• A Corrigendum to this article was published on 07 February 2017

This article has been updated

Abstract

Infection with Zika virus has been associated with serious neurological complications and fetal abnormalities. However, the dynamics of viral infection, replication and shedding are poorly understood. Here we show that both rhesus and cynomolgus macaques are highly susceptible to infection by lineages of Zika virus that are closely related to, or are currently circulating in, the Americas. After subcutaneous viral inoculation, viral RNA was detected in blood plasma as early as 1 d after infection. Viral RNA was also detected in saliva, urine, cerebrospinal fluid (CSF) and semen, but transiently in vaginal secretions. Although viral RNA during primary infection was cleared from blood plasma and urine within 10 d, viral RNA was detectable in saliva and seminal fluids until the end of the study, 3 weeks after the resolution of viremia in the blood. The control of primary Zika virus infection in the blood was correlated with rapid innate and adaptive immune responses. We also identified Zika RNA in tissues, including the brain and male and female reproductive tissues, during early and late stages of infection. Re-infection of six animals 45 d after primary infection with a heterologous strain resulted in complete protection, which suggests that primary Zika virus infection elicits protective immunity. Early invasion of Zika virus into the nervous system of healthy animals and the extent and duration of shedding in saliva and semen underscore possible concern for additional neurologic complications and nonarthropod-mediated transmission in humans.

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Change history

  • 19 October 2016

    In the version of this article initially published online, Robert Were Omange's name was misspelled in the author list. The original version listed Robert Omage. The error has been corrected in the print, PDF and HTML versions of this article.

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Acknowledgements

We thank B. Finneyfrock, Z. Pippin, A. Dodson and A. Cook for their expert animal husbandry and care, and J. Guedj for suggestions about the model simulations. CD38 antibodies were obtained from the NIH Nonhuman Primate Reagent Resource supported by HHSN272200900037C and OD010976. The data presented in this study are tabulated in the main paper and in the supplementary materials. This work was supported in part by federal funds from the National Cancer Institute (NIH Contract HHSN261200800001E). The content of this publication does not necessarily reflect the views or policies of the Department of Health and Human Services, nor does the mention of trade names, commercial products or organizations imply endorsement by the US Government. A.S.P. acknowledges support from NIH grants AI028433 and OD0110995. D.S. acknowledges support from the Public Health Agency of Canada.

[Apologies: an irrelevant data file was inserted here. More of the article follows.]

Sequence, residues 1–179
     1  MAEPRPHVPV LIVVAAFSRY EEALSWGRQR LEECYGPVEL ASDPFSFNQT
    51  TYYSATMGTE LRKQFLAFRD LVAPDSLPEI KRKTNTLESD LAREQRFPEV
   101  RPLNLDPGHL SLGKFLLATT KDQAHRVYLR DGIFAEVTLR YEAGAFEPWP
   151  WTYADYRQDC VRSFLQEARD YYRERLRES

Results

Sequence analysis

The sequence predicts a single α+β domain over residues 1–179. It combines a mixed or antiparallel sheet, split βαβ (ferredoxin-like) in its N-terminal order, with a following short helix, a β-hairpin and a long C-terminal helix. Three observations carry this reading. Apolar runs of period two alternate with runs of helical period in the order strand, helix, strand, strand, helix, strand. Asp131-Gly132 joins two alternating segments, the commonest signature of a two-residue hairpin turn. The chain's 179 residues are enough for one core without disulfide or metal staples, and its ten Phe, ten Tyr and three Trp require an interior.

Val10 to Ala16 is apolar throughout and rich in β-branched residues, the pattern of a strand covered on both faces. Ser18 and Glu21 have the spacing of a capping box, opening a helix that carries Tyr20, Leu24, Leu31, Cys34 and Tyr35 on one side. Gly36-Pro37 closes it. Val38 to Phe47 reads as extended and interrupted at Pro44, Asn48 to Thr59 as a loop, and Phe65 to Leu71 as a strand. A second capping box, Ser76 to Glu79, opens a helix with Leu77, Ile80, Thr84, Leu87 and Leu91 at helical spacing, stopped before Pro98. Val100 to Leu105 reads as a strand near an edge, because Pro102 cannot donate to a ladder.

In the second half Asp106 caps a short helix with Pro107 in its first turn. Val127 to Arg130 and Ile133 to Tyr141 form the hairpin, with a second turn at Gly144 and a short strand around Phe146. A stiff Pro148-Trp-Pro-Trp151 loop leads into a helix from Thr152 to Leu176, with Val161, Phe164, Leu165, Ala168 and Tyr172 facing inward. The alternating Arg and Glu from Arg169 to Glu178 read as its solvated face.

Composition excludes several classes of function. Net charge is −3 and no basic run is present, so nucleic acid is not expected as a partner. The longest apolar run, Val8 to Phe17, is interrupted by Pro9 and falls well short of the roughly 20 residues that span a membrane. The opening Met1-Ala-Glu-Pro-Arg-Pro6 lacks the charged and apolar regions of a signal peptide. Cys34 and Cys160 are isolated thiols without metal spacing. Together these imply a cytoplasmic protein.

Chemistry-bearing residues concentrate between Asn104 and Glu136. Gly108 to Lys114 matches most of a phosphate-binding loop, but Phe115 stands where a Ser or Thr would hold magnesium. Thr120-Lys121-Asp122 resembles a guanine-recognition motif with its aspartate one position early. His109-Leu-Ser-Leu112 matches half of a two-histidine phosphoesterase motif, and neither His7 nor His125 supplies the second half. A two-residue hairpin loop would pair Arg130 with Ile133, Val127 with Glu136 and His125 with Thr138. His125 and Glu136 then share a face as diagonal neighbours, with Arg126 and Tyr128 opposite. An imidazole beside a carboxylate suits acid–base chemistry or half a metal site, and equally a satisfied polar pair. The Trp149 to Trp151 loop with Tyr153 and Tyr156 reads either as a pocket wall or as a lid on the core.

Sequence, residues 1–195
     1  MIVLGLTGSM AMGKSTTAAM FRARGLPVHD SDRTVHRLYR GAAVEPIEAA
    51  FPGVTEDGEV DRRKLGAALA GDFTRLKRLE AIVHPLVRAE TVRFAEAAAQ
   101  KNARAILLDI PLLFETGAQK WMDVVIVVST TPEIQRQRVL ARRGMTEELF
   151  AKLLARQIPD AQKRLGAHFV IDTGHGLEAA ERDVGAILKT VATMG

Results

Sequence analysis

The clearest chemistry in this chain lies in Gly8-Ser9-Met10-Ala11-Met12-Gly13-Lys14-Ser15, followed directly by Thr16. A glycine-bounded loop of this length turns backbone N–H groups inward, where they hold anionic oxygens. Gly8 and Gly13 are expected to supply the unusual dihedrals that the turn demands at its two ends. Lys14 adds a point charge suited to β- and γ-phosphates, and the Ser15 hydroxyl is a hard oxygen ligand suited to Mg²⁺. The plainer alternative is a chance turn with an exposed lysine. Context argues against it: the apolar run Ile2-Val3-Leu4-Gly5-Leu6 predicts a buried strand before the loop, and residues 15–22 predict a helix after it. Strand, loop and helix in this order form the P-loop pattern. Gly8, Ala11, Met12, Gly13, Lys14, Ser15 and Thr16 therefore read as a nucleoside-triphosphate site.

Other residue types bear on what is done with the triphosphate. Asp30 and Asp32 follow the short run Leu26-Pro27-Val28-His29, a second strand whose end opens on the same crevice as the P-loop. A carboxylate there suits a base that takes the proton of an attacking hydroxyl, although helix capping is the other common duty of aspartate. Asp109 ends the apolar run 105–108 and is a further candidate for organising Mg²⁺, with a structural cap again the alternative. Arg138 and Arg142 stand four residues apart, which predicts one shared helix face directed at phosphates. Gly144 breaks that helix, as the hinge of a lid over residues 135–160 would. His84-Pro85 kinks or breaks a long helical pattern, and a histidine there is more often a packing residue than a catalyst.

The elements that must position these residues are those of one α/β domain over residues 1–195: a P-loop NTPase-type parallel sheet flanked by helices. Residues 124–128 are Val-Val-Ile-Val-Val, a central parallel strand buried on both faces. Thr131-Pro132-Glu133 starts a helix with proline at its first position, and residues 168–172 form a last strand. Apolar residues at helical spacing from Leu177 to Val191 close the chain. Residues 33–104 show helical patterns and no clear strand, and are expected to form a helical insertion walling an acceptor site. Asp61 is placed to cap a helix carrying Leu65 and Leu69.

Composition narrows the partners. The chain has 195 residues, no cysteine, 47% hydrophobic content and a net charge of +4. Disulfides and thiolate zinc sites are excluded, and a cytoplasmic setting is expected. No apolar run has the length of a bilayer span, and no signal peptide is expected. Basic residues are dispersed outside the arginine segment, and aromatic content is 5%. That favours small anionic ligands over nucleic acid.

Author information

Author notes

    • Christa E Osuna
    • , So-Yon Lim
    • , David Safronetz
    •  & Mark G Lewis

    These authors contributed equally to this work.

Affiliations

  1. Center for Virology and Vaccine Research, Beth Israel Deaconess Medical Center, Harvard Medical School, Boston, Massachusetts, USA.

    • Christa E Osuna
    • , So-Yon Lim
    •  & James B Whitney
  2. Leidos Biomedical Research, Frederick National Laboratory for Cancer Research, Frederick, Maryland.

    • Claire Deleage
    •  & Jacob D Estes
  3. National Microbiology Laboratory, Winnipeg, Manitoba, Canada.

    • Bryan D Griffin
    • , Derek Stein
    • , Lukas T Schroeder
    • , Robert Omange
    • , Ma Luo
    •  & David Safronetz
  4. Los Alamos National Laboratory, Los Alamos, New Mexico, USA.

    • Katharine Best
    • , Peter T Hraber
    • , Erwing Fabian Cardozo Ojeda
    •  & Alan S Perelson
  5. Bioqual, Rockville, Maryland, USA.

    • Hanne Andersen-Elyard
    •  & Mark G Lewis
  6. Biosecurity Research Institute, Kansas State University, Manhattan, Kansas, USA.

    • Scott Huang
    • , Dana L Vanlandingham
    •  & Stephen Higgs
  7. Ragon Institute of Massachusetts General Hospital, Massachusetts Institute of Technology and Harvard University, Cambridge, Massachusetts, USA.

    • James B Whitney

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Contributions

J.B.W. designed the studies. C.E.O., H.A.-E. and S.-Y.L. led the virologic assays. S.-Y.L. and C.E.O. led the immunologic assays. C.D. and J.D.E. led all tissue analysis. L.T.S., R.W.O. and M.L. conducted the cytokine assays. P.T.H, M.L., C.E.O. and S.-Y.L. led the cytokine and chemokine analysis. S.-Y.L. and P.T.H. led the peptide design analysis. B.D.G., D. Stein and D. Safronetz led the antibody assays. D.L.V., S. Huang, S. Higgs and D. Safronetz produced the ZIKV stocks K.B., E.F.C.O. and A.S.P. led the mathematical modeling. H.A.-E. and M.G.L. led the clinical care of the macaques. J.B.W. led the studies and wrote the paper with all co-authors.

Competing interests

The authors declare no competing financial interests.

Corresponding author

Correspondence to James B Whitney.

Supplementary information

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DOI

https://doi.org/10.1038/nm.4206

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